When it seems like everyone is living a picture-perfect life, admitting you’re struggling feels like utter failure. But more people than you think—millions, in fact—are working through mental health problems, including depression and anxiety. Celebrities like Lena Dunham and the Duchess of Cambridge have spoken out about the need to end the stigma associated with mental illness, and the tide is changing.
The blogs and projects below are going one step further to bring the (hard-to-have) conversation to light. On them, you’ll find everything from candid personal stories to photos that prove you’re not alone in your issues and insecurities.
Please note: We know the number of topics that fall under the umbrella of mental health is massive; as such, this is not an exhaustive list of the only blogs worth following. If there are other voices you feel we should know about, please give us a shout on Twitter.
You won’t find your average long-form blog posts here—just incredibly powerful visuals. What I Be Project is a photo series and blog created to help people not feel ashamed of their differences. Photographer Steve Rosenfield takes pictures of people who reveal and write their biggest insecurity (be it a mental illness, physical issue, or other trait) on their bodies and then pose for the camera to share it with the world.
After visiting one anxiety forum after another, U.K. native Claire Eastham became fed up with the negative conversations surrounding anxiety and depression. So on her personal blog, she tries to be as useful and positive as possible to give hope that these things can be managed—and to remind you that yes, other people also feel the pressure to be happy too. She writes about everything from overcoming obstacles that sabotage goals to her experience as an introvert. Before taking her advice, however, remember that she’s speaking from personal experience (and is not a licensed expert).
Jessica Walsh is a graphic designer living in New York. After sharing her personal struggle and history with anxiety, depression, and eating disorders as part of a project entitled 12 Kinds of Kindness, she received messages from friends and colleagues regarding their own mental health battles. Now she’s created the blog Let’s Talk About Mental Health, where readers can submit their own stories. She turns them into beautiful graphics that she ultimately posts on Instagram.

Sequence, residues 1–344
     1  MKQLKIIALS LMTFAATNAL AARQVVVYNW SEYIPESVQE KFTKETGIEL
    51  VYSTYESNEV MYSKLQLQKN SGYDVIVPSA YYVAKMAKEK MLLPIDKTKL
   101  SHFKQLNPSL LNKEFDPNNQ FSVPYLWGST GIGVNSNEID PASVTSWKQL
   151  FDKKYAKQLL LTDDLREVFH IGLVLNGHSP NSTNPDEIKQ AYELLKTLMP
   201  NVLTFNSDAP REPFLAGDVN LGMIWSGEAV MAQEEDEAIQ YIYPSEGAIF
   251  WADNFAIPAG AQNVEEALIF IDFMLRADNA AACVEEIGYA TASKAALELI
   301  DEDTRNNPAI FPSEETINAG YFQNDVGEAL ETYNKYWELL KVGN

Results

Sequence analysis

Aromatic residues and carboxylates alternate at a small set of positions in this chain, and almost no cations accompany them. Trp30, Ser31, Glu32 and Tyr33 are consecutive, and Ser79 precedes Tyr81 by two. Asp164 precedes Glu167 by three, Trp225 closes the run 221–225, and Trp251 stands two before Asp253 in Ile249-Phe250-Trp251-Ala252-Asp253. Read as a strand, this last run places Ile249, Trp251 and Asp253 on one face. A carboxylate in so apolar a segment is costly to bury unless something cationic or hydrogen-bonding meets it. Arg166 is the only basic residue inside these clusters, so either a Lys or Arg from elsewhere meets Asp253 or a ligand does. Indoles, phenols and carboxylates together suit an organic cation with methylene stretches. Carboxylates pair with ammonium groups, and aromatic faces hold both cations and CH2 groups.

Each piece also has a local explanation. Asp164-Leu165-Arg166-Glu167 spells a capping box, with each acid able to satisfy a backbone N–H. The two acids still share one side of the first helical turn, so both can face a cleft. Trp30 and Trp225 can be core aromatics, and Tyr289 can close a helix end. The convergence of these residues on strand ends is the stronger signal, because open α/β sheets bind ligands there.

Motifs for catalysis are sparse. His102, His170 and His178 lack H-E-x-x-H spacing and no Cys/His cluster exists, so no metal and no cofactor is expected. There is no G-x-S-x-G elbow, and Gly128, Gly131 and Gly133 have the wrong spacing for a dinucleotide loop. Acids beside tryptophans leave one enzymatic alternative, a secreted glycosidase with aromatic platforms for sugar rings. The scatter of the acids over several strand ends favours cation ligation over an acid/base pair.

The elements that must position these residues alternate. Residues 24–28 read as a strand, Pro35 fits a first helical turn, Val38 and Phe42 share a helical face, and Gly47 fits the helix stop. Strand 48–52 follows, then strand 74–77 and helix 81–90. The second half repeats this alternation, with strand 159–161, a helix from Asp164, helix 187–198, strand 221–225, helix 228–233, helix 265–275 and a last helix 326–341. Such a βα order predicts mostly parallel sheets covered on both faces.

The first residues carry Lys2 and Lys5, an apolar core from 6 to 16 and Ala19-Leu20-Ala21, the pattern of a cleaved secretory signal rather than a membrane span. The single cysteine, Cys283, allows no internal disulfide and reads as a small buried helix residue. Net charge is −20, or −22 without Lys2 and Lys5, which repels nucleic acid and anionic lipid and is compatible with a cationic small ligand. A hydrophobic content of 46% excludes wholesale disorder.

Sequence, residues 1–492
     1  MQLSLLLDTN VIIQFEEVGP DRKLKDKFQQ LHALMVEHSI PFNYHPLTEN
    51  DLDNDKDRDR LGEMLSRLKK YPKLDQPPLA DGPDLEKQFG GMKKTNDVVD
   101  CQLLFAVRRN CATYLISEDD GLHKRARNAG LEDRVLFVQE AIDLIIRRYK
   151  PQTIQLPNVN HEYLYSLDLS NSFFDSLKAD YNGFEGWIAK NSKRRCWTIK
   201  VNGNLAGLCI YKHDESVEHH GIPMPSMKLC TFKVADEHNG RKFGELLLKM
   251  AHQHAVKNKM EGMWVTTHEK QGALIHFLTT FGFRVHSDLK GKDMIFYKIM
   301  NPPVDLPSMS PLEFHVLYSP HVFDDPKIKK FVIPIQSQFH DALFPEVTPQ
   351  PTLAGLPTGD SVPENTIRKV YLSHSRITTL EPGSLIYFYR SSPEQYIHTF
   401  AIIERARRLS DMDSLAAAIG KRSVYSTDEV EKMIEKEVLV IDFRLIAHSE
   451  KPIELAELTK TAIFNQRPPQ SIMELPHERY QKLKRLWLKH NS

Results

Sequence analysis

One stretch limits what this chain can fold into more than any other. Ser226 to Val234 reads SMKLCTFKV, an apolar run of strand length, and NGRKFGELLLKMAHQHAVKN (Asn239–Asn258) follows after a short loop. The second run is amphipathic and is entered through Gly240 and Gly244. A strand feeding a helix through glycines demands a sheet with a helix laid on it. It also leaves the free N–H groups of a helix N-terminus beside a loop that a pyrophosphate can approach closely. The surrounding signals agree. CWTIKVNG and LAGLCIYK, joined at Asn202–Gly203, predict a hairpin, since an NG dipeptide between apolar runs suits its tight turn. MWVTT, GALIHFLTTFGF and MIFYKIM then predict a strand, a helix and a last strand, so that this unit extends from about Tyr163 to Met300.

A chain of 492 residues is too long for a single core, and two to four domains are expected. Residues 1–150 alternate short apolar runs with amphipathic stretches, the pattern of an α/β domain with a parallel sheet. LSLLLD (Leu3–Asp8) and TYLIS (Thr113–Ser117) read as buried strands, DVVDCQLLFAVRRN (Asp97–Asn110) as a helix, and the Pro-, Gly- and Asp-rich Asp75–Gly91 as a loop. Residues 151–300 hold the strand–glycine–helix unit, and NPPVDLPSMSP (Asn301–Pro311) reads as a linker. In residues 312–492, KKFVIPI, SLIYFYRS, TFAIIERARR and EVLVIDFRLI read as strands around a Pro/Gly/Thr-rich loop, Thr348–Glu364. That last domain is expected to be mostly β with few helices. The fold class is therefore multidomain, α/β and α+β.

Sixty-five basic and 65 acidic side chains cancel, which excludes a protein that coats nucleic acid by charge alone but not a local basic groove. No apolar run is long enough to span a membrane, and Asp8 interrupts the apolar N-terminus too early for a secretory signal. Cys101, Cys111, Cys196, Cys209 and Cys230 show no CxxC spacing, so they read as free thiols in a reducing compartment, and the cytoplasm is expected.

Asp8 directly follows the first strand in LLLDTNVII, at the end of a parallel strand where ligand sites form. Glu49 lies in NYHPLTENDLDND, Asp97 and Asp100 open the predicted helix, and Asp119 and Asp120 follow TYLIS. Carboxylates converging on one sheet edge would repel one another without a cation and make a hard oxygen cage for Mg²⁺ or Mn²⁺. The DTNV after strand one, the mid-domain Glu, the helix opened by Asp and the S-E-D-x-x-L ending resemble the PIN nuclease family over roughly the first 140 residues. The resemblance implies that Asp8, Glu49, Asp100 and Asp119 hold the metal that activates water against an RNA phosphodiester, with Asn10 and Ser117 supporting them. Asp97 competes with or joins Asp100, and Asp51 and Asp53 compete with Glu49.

Tina Klaus and her therapist, Michael Maley, Ph.D., co-founded the blog Don’t Live Small, where they post about their work together: Klaus struggles with bulimia nervosa and binge eating disorder. Dr. Maley is a licensed psychologist specializing in the treatment of “people with eating disorders, body-image issues, and survivors of trauma, abuse, and neglect.” (He’s also in recovery from an eating disorder.) His column, The Doc’s In, covers topics like blame and accountability as well as relapse.
The Span of My Hips is a feminist blog that focuses on topics of mental health and empowerment, particularly body image. From why you don’t need an excuse to take care of yourself to simple PSAs that remind you how wonderful and worthy you are, many posts will put some serious pep in your step. While the author doesn’t reveal a lot about herself, she does mention that she’s a “queer-ish white lady from Canada” who holds a master’s degree “focused on the intersections of mental health, physical health, and policy.” Just be prepared for potentially polarizing posts on topics like sexual abuse and the criminal justice system.
Jeremy Dean holds a Ph.D. in psychology from the University College London and is the founder and author of PsyBlog. Dean began the blog in 2004 because he felt there was nowhere you could find an easy, readable translation of the latest scientific findings related to psychology. He explores a wide range of topics to help readers better understand the way they think and feel, such as the link between brain function and what we eat and how our childhood affects our happiness in later in life.
Time to Change is a British campaign with a mission to end the stigma surrounding mental health by starting a conversation around it. The blog portion of the website features personal stories, like this one by Ilona on changing attitudes around eating disorders and this one by Irum, which addresses the importance of the language we use to talk about mental health.
Inspired by the lack of diversity in the media’s representation of mental illness, Dior Vargas, a self-proclaimed “Latina feminist and mental-health activist” started the People of Color & Mental Illness Photo Project. She hopes readers experiencing similar struggles will see someone who looks more like them—and that they will no longer feel alone.